In this edition of Toronto Maple Leafs News & Rumors, I will share an interview with John Tavares about the NHL’s return to play, additional insights on William Nylander’s value to the team, what advanced statistics suggest about different players’ value and the signing of a Toronto Marlies young forward.
Item One: John Tavares Remains Optimistic the NHL’s Return-to-Play Can Work
In an interview this morning with Maple Leafs captain John Tavares, The Hockey News reported that Tavares – despite teammate Auston Matthews’ recent medical diagnosis as infected with COVID-19 – is optimistic the NHL’s return-to-play plans can work.
The NHL reported that so far 11 players tested positive of just over 200 tested in all. However, Tavares, who was a member of the league’s Return-to-Play Committee, reports that the NHL and the players association will continue their plan because the outlook remains good. He also stresses that the league is following the advice of infectious disease experts.
Because of his involvement with these plans, Tavares has stayed abreast of the league’s progress building return-to-play scenarios. And, despite setbacks and reported cases, he believes the NHL’s chances of reaching Phase 3 are favorable. That said, as The Hockey News noted, Tavares’ outlook is glass-half-full. Even in the face of “isolated stories” of infections, he believes what matters most is what the league learns from infectious-disease experts.
As Tavares reported, “Everything they’ve said has been inherently positive. Obviously we’re in the middle of a pandemic, so there’s concerns and issues that have to be addressed and talked about in dealing with the virus… But I think generally what we’ve been told is, because of the health and the type of condition we’re in, the age group we’re in, our risk is as low as it can be in the general population.”
Tavares also lauds the NHL’s rigor, noting, “with us getting tested as much as we are and the protocols being put in place, I haven’t seen too many other businesses or other entities that have implemented such strict protocols and testing regimens that we have now that will only continue to get more rigid going forward.”
The article reported that (a) no changes or delays have been announced for Phase 3 or Phase 4 planning and (b) the NHL and NHLPA are expected to decide about hub cities perhaps even this week. As well, Phase 3 calls for a stricter quarantine bubble than current Phase 2 regulations.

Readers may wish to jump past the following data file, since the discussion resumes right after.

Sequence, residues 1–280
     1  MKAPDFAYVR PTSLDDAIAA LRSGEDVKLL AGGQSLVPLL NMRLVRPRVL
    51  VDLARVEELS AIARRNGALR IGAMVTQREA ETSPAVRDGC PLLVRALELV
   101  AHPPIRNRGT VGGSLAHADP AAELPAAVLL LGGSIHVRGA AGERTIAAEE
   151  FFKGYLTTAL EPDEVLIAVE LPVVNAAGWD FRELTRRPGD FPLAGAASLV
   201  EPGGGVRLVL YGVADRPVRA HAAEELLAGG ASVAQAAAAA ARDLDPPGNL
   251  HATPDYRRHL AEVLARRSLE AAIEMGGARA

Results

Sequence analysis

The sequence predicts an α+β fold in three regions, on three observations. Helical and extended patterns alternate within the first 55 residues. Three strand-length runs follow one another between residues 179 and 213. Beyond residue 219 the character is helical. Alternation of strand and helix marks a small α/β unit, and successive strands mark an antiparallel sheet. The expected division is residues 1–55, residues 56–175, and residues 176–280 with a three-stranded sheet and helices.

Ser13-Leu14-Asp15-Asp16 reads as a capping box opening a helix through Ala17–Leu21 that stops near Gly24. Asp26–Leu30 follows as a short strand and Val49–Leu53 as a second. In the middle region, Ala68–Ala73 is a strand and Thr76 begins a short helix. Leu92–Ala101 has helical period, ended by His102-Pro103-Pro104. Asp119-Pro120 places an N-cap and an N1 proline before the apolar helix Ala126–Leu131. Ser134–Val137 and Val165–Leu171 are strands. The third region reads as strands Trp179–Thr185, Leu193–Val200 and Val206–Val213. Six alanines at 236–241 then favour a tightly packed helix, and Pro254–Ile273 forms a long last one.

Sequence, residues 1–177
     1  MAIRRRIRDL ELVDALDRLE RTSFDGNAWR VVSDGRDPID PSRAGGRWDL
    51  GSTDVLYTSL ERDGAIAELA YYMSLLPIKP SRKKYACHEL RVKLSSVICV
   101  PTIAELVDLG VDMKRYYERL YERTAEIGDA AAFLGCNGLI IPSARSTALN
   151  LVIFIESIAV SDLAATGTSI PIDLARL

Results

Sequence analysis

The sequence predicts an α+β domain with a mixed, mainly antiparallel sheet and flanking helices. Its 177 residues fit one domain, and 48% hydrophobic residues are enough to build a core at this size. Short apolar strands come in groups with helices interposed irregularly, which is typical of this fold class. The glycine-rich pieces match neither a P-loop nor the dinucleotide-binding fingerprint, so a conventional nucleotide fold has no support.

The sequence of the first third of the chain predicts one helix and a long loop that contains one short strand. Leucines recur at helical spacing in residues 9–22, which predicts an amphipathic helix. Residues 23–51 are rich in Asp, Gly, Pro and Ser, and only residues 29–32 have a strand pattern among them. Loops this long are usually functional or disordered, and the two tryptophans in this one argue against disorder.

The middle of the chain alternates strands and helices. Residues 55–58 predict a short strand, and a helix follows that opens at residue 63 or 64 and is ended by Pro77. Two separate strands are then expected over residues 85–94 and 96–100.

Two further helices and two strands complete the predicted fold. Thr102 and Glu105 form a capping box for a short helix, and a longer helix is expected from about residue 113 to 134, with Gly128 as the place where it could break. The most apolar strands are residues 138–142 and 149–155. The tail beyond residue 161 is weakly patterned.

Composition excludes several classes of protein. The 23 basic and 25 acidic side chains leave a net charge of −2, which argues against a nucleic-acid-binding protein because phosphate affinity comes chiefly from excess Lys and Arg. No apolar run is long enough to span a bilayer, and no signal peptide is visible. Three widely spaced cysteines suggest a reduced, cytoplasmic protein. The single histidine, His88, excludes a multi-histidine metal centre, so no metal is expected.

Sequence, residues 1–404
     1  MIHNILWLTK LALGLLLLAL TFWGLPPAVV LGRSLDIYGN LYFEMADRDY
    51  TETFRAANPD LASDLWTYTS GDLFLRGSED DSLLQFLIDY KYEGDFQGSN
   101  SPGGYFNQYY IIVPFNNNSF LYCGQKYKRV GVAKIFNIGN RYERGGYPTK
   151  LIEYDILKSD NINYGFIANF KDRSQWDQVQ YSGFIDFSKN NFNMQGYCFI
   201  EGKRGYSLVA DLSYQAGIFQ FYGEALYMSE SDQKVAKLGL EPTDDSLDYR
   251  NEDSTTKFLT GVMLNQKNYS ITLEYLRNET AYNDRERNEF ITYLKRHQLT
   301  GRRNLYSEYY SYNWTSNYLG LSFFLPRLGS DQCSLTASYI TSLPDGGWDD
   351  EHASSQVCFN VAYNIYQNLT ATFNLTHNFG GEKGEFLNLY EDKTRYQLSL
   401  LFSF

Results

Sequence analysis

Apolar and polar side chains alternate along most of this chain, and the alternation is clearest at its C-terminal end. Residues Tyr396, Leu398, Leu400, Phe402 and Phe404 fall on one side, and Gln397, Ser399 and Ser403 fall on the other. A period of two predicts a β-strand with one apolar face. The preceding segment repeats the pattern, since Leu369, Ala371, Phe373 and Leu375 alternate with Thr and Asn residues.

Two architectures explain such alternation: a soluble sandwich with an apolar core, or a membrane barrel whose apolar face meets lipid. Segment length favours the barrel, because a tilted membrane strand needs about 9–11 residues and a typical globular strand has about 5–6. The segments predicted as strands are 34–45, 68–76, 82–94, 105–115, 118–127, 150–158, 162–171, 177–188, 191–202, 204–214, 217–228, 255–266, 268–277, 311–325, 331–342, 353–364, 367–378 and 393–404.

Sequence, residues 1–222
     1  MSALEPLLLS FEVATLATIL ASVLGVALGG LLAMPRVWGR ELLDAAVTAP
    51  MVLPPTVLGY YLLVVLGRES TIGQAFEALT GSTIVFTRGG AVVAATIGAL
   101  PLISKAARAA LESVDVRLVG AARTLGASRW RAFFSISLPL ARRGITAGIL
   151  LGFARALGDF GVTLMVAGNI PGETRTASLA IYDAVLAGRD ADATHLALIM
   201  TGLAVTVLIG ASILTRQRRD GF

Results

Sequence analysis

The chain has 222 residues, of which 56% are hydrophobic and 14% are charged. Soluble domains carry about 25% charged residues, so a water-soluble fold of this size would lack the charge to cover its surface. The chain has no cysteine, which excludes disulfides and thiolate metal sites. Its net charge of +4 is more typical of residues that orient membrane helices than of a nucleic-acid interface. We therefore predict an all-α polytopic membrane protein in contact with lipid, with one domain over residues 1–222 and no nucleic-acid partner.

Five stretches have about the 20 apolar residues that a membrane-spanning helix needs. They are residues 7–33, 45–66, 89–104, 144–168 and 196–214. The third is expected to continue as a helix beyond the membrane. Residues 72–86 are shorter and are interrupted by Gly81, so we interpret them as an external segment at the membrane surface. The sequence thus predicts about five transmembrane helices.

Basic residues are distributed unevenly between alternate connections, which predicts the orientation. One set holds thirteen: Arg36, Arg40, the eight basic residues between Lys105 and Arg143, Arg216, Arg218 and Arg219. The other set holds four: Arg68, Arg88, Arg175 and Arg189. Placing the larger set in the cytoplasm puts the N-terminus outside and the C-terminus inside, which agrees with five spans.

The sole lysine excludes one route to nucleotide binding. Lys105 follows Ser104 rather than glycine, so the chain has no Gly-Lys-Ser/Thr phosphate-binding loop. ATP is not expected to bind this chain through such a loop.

Finally, Tavares believes that, from what experts and world health officials are telling them, the NHL is “more than capable” of coming back to play as the situation continues to improve. He’s optimistic because of what’s being learned from Europe where countries are a few weeks ahead of the NHL. Specifically, he’s gained confidence from how soccer leagues have handled their own return because of how positive progress has been in countries that “were hit pretty hard by the virus.”
Item Two: Is William Nylander the Most Undervalued Player on the Maple Leafs?
Last week I was struck by a small piece of the conversation in a podcast between former-Maple Leaf Connor Brown’s and other former-Maple Leafs player (and now defenseman with the New Jersey Devils) Connor Carrick about William Nylander. It’s good to see others have picked up the conversation and carried it further than I did at the time.
The comment Brown made about Nylander was that “He’s the probably the most laid-back guy I’ve ever met in my entire life. But have you ever seen a guy on the ice more than him in your life, right? I mean, he’s on the ice 25 minutes before practice, stick-handling through pucks he’s lined up.”
Certainly, that comment directly contradicted the general (and perhaps unfounded) bias that jumped on a “Nylander is lazy” bandwagon, which the post suggests was created by former Maple Leafs head coach Mike Babcock who regularly put Nylander in his doghouse. The post noted Babcock was hard on young talent, although likely had good intentions in mind. That said, the post reminded us that Babcock had thrown Marner under the bus, as seemed to have been his way.